The following FAQ reflects how the Menlo Report principles and proposed Honeynet Project Code of Conduct can be used to analyze and explain an action like the Kelihos/Hlux sinkholing operation.
Earlier, we posted about our operation on the Kelihos.B/Hlux.B botnet takedown that was conducted with by security experts from Dell SecureWorks, CrowdStrike, Kaspersky, and the Honeynet Project. On initial view, the operation seems very clear cut: the bad guys are running a botnet that is doing havoc on the Internet; on the other side, are the good guys that have found a way to disable the botnet.
The situation is much more nuanced. The Honeynet Project has been conducting security research for over a decade now and since our early days, we made it a priority to balance benefit and risks in our research. You can trace this back to when the Honeynet Project first defined "data control" as one of the requirements for honeynet/honeypot deployments. The purpose of data control was to minimize potential harm to others resulting from honeypots, which by their nature are vulnerable systems we expect to be compromised and used by malicious actors.
We do what we do because people with malicious and criminal intent are compromising and abusing millions of computers around the globe. These people do not act in ways that are moral, ethical, or legal. But in trying to counter them, we cannot allow ourselves to similarly disregard our moral, ethical, or legal obligations. If we do, we become no different than them.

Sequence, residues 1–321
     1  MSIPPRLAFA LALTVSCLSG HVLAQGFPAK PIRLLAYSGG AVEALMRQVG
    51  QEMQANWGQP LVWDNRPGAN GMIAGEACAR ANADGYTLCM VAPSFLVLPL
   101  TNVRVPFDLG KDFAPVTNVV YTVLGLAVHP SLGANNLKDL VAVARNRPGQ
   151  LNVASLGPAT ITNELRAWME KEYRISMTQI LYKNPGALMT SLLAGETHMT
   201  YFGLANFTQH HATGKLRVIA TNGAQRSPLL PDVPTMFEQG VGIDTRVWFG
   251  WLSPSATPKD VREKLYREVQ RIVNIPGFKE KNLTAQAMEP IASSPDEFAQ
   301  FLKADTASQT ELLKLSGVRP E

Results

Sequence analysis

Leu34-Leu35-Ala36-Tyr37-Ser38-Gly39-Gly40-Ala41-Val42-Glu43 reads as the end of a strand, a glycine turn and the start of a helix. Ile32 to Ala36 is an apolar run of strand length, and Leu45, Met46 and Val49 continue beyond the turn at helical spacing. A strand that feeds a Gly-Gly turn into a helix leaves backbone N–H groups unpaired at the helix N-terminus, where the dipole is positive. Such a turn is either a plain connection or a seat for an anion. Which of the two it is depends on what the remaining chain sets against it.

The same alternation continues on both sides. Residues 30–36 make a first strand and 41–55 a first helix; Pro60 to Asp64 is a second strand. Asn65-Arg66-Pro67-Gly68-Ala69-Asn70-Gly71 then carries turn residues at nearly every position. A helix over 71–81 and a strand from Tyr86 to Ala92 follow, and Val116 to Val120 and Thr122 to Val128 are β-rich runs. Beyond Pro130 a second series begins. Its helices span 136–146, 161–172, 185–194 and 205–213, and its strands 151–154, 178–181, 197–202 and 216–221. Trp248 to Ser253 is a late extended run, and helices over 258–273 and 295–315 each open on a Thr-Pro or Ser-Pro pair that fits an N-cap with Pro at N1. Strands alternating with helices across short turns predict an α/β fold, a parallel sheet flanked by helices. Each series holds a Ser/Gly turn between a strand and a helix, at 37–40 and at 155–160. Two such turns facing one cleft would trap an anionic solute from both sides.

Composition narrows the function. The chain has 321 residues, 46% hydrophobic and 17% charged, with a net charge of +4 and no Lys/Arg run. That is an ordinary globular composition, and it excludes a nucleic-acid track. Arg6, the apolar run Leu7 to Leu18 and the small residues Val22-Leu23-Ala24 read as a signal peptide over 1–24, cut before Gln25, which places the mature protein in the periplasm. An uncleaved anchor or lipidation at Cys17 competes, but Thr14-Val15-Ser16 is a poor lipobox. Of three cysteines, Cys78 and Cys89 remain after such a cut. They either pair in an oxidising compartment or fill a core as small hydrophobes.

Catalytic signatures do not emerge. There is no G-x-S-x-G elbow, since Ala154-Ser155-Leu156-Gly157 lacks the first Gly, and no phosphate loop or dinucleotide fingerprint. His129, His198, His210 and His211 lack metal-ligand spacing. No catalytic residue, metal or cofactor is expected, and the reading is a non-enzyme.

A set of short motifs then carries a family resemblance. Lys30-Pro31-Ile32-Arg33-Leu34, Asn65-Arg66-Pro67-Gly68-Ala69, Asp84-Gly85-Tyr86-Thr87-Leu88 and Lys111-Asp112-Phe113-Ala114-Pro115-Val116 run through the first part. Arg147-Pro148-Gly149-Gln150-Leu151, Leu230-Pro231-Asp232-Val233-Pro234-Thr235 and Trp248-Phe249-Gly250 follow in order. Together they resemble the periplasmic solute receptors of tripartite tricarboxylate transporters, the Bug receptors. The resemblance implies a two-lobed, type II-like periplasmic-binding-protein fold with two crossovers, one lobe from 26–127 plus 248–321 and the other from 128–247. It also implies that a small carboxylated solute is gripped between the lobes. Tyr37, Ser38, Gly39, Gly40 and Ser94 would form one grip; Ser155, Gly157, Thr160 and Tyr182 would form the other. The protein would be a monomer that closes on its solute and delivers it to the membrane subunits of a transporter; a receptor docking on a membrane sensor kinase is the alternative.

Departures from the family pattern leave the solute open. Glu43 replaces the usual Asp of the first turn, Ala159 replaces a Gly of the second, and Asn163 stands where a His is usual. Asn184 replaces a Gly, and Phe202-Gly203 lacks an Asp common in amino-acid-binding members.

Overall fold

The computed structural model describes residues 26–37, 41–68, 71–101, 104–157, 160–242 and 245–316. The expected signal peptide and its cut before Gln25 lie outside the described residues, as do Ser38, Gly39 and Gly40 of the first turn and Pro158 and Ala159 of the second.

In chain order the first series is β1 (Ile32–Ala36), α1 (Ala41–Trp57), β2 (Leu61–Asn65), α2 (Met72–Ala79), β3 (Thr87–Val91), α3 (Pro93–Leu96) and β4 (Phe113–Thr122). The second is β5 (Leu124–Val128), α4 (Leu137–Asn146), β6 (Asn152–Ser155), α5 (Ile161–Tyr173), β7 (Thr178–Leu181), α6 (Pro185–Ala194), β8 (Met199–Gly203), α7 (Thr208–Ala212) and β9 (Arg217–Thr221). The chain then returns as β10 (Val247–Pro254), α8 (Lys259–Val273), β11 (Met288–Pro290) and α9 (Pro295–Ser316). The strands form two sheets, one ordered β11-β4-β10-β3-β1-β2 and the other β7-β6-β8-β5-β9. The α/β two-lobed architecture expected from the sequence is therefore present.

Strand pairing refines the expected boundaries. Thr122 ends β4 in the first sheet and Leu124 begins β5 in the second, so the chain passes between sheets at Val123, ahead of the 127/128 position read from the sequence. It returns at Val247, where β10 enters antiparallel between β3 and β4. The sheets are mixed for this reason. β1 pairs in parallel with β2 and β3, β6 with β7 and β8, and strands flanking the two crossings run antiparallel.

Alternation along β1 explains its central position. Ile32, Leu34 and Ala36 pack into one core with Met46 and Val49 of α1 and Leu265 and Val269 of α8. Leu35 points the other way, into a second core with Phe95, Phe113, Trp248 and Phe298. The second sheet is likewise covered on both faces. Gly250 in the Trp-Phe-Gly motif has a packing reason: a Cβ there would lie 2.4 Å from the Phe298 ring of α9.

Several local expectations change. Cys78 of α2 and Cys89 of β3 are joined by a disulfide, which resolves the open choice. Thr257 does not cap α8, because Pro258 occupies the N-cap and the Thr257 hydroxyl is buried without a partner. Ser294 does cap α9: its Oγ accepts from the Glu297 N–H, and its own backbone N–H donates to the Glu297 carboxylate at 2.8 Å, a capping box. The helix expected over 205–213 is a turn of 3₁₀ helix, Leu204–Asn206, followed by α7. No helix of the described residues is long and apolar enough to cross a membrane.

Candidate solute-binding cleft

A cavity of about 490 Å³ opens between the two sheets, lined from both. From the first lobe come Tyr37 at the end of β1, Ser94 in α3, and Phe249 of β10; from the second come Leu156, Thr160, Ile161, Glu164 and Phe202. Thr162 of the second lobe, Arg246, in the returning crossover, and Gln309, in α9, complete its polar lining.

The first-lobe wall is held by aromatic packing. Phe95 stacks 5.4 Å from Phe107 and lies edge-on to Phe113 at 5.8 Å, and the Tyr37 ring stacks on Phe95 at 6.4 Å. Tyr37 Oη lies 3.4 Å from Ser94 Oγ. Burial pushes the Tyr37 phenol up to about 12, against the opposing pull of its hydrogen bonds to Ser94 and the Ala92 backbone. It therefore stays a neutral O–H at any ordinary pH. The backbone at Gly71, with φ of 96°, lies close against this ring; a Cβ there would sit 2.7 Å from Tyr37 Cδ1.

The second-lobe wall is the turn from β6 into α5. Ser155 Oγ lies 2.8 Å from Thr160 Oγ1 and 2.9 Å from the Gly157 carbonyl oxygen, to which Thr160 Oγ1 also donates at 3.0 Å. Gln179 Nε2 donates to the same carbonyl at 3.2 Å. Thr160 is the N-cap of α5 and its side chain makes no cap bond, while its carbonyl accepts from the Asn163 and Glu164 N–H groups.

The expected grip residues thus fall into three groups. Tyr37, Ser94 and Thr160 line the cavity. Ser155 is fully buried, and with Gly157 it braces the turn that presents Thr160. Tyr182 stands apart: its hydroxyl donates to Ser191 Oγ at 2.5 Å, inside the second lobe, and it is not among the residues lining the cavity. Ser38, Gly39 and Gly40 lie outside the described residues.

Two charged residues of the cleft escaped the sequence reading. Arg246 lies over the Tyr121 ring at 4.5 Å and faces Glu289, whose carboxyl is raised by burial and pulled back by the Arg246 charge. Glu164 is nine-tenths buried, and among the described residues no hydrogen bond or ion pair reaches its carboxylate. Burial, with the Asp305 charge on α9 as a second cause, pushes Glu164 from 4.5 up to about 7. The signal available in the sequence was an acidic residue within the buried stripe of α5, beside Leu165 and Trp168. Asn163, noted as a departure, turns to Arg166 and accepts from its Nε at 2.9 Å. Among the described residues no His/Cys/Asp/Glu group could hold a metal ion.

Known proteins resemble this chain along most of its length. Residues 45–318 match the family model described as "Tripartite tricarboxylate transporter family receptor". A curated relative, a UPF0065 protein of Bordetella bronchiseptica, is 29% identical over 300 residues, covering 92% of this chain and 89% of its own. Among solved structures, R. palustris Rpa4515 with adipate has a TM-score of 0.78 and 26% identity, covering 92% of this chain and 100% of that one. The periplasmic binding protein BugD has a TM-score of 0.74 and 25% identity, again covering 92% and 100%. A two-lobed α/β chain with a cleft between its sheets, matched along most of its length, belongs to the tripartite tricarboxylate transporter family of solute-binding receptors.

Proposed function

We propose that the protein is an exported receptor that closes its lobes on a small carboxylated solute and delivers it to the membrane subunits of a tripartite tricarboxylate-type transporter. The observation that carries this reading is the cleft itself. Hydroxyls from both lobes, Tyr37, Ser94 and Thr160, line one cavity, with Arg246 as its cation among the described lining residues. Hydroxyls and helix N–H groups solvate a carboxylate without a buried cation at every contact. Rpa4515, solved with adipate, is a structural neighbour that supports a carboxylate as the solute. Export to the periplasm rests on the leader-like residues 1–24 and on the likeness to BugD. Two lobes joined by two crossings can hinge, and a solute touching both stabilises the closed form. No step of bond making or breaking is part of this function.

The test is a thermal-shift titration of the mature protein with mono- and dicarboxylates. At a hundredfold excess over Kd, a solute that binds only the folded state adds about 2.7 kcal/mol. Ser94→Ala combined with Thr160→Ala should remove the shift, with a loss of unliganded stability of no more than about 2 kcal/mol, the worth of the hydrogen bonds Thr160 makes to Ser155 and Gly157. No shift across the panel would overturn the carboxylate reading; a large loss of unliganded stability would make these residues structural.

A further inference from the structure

We believe that pushing the boundaries in the computer security field and engaging in cutting edge research brings with it a responsibility to act in an ethical manner. Risks may emerge from botnet takedowns and the Kelihos botnet takedown operation is no different. What are the benefits? What are the risks? How do they balance each other? Do our actions jeopardize legal investigations? These are all questions that need to be considered and the outcome will determine how to proceed. In the situation of the Kelihos botnet, the determination was to proceed with the botnet takedown (see below for a detailed assessment.) In other situations, the determination and plan of action may be different. In the instance of Zeus, for instance, legal action may be necessary.
The Honeynet Project is committed to conducting research in a model, ethical, and legal way. Weighing risk/benefits – an important aspect to conduct research in such a way - is what every researcher implicitly does. However, the risk of not considering all aspects of the research exists. As a result, the Honeynet Project, under the leadership of our Chief Ethics and Legal Officer Dave Dittrich, has developed a code of conduct that guides researchers through the process in a systematic manner.